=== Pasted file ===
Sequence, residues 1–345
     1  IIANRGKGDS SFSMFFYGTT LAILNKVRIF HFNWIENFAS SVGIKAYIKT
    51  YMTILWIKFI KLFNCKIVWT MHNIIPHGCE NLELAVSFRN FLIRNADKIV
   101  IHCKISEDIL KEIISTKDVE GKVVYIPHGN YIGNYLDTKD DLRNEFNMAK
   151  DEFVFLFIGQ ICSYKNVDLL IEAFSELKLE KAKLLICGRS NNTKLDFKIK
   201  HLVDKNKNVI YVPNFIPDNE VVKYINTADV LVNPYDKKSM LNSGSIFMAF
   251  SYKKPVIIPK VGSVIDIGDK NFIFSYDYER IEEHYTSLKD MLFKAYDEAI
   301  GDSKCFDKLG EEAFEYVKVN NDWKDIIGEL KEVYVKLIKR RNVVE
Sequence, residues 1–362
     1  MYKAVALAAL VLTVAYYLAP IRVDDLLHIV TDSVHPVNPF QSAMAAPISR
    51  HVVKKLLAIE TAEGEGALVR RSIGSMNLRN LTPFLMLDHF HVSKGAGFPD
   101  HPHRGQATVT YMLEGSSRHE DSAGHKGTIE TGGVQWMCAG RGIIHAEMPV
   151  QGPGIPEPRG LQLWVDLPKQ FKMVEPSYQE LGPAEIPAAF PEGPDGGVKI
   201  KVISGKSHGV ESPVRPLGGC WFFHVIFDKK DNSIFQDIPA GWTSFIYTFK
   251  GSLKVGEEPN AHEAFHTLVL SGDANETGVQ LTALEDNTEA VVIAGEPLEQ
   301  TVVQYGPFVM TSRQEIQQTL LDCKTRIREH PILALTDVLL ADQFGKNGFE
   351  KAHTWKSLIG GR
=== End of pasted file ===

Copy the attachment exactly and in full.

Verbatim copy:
Sequence, residues 1–345
     1  IIANRGKGDS SFSMFFYGTT LAILNKVRIF HFNWIENFAS SVGIKAYIKT
    51  YMTILWIKFI KLFNCKIVWT MHNIIPHGCE NLELAVSFRN FLIRNADKIV
   101  IHCKISEDIL KEIISTKDVE GKVVYIPHGN YIGNYLDTKD DLRNEFNMAK
   151  DEFVFLFIGQ ICSYKNVDLL IEAFSELKLE KAKLLICGRS NNTKLDFKIK
   201  HLVDKNKNVI YVPNFIPDNE VVKYINTADV LVNPYDKKSM LNSGSIFMAF
   251  SYKKPVIIPK VGSVIDIGDK NFIFSYDYER IEEHYTSLKD MLFKAYDEAI
   301  GDSKCFDKLG EEAFEYVKVN NDWKDIIGEL KEVYVKLIKR RNVVE
Sequence, residues 1–362
     1  MYKAVALAAL VLTVAYYLAP IRVDDLLHIV TDSVHPVNPF QSAMAAPISR
    51  HVVKKLLAIE TAEGEGALVR RSIGSMNLRN LTPFLMLDHF HVSKGAGFPD
   101  HPHRGQATVT YMLEGSSRHE DSAGHKGTIE TGGVQWMCAG RGIIHAEMPV
   151  QGPGIPEPRG LQLWVDLPKQ FKMVEPSYQE LGPAEIPAAF PEGPDGGVKI
   201  KVISGKSHGV ESPVRPLGGC WFFHVIFDKK DNSIFQDIPA GWTSFIYTFK
   251  GSLKVGEEPN AHEAFHTLVL SGDANETGVQ LTALEDNTEA VVIAGEPLEQ
   301  TVVQYGPFVM TSRQEIQQTL LDCKTRIREH PILALTDVLL ADQFGKNGFE
   351  KAHTWKSLIG GR